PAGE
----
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Shields said she had long dreamed of becoming a two-sport champion and envied how well MMA has marketed female fighters. She likes that MMA often puts women on cards with men and tells more nuanced backstories about their fighters – she has an idea for a story about fighters who are great babysitters and cooks – and makes them more attractive to fans.
Holly Holm, the former UFC champion who made the transition from boxing to MMA, credits UFC President Dana White for making the sport much more hospitable to women than boxing. White quickly realized how many fans can bring women into the sport after signing Ronda Rousey, UFC’s first female fighter, in 2012, and she became one of the sport’s greatest stars. Before taking the chance on Rousey, White had said women would never fight in the UFC
“Boxing needs someone like him who is willing to turn their necks on women and give them the exposure they need,” said Holm. “Look at Christy Martin, she was on the Mike Tyson card and the cover of Sports Illustrated. Laila Ali was Muhammad Ali’s daughter. Talented women deserve to be seen. You need someone who will consciously push for it. “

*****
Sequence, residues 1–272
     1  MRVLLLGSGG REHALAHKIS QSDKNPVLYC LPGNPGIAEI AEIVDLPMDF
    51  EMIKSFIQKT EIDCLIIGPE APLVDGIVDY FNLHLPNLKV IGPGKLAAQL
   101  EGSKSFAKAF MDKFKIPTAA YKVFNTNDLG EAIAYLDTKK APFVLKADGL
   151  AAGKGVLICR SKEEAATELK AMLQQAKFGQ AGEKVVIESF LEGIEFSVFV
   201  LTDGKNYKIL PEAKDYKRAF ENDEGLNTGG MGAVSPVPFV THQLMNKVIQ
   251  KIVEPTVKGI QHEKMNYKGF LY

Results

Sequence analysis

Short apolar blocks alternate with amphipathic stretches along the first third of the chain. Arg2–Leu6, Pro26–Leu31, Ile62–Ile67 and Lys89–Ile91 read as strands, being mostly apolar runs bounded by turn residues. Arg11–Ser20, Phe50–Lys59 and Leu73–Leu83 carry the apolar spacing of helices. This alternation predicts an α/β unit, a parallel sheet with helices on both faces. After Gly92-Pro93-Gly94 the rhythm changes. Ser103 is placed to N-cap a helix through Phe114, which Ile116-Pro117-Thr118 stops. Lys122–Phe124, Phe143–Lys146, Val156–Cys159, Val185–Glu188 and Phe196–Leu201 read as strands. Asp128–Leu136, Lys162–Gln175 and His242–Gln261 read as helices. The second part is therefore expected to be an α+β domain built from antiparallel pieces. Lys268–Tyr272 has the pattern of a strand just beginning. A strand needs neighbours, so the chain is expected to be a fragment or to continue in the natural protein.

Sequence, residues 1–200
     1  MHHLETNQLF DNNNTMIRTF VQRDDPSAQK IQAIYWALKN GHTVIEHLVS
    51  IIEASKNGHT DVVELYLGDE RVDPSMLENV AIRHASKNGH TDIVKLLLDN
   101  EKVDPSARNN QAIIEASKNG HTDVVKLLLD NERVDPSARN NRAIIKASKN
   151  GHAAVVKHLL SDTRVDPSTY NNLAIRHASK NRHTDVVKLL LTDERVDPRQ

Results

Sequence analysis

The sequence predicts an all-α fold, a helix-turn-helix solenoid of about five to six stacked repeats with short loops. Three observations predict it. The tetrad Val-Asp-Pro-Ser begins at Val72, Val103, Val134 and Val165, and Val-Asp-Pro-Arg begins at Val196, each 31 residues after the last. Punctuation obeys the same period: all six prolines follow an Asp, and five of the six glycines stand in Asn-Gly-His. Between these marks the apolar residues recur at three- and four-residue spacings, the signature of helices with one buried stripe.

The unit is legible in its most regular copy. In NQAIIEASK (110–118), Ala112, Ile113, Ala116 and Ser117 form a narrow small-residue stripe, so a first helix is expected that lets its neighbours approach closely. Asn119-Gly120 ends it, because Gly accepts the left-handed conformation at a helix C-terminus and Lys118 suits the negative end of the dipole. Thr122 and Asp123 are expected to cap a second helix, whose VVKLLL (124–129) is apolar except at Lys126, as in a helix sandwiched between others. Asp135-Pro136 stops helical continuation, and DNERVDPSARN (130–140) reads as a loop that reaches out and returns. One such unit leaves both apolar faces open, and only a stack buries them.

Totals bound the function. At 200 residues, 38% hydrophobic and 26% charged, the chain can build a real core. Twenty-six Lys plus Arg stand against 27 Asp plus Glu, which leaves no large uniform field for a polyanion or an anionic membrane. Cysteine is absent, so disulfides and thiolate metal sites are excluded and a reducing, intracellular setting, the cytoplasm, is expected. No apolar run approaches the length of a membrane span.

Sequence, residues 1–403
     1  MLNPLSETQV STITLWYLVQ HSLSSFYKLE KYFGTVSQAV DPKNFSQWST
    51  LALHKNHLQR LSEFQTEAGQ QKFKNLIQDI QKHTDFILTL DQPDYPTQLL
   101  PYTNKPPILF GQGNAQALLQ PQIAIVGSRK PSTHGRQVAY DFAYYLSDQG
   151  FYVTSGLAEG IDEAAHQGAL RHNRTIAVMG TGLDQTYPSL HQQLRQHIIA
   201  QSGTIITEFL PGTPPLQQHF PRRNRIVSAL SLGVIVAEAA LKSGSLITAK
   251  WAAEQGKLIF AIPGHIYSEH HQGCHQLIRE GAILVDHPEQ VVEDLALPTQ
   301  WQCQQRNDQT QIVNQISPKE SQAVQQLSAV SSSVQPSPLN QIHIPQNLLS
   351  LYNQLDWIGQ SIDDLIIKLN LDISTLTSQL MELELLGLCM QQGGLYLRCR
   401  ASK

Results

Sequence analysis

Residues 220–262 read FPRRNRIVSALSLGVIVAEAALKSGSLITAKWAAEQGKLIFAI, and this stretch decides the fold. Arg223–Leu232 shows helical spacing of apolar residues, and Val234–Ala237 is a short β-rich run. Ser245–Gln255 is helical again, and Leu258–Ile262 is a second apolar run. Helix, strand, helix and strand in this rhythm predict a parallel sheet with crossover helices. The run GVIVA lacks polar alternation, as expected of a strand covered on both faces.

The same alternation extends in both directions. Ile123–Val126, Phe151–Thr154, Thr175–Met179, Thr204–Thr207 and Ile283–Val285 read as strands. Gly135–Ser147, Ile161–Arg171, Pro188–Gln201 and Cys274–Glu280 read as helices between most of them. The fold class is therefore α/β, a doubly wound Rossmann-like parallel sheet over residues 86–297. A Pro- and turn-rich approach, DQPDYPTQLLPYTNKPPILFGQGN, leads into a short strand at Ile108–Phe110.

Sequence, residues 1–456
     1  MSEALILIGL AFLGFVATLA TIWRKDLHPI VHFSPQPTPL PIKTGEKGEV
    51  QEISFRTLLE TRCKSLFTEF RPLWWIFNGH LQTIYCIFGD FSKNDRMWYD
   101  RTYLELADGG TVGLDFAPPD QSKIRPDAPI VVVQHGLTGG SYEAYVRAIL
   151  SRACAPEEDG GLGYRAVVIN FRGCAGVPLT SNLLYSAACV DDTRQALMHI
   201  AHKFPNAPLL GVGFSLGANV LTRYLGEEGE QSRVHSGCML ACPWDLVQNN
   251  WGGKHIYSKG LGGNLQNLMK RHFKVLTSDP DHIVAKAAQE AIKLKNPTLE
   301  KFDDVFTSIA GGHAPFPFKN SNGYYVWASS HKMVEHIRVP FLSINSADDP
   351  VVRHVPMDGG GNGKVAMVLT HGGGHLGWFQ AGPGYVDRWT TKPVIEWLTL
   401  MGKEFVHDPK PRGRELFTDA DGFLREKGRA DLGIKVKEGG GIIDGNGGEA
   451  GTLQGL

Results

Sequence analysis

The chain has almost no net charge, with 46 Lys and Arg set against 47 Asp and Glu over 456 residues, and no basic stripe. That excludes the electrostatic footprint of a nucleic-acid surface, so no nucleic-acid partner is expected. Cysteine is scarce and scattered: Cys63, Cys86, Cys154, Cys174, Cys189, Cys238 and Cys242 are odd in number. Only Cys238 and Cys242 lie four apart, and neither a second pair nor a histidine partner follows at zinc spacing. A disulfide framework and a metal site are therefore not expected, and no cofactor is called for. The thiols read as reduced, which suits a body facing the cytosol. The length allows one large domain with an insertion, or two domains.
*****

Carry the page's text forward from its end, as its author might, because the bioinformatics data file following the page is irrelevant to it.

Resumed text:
And once women are seen in boxing, fans will come back and the sport will grow, which is what Shield’s plan is for the Friday event. She hopes that a large audience will prove her worldwide reach. How many people tune in, whether it’s 20,000 or 120,000, she said she would take it and then build on it.
Her dream is to have a women’s sports network showing women boxing all the time so fans, including their nieces and nephews, know where to tune in to watch a great women fight. At least the channel would give her one more activity to rely on for babysitting nights, she said with a laugh.
“I’m not pushing for equality just for myself because I’ve had a pretty good career so far,” she said. “I do it for all young people after me. I want people to think of me one day and say, “Claressa Shields was so much bigger than boxing. She helped change the world. ‘”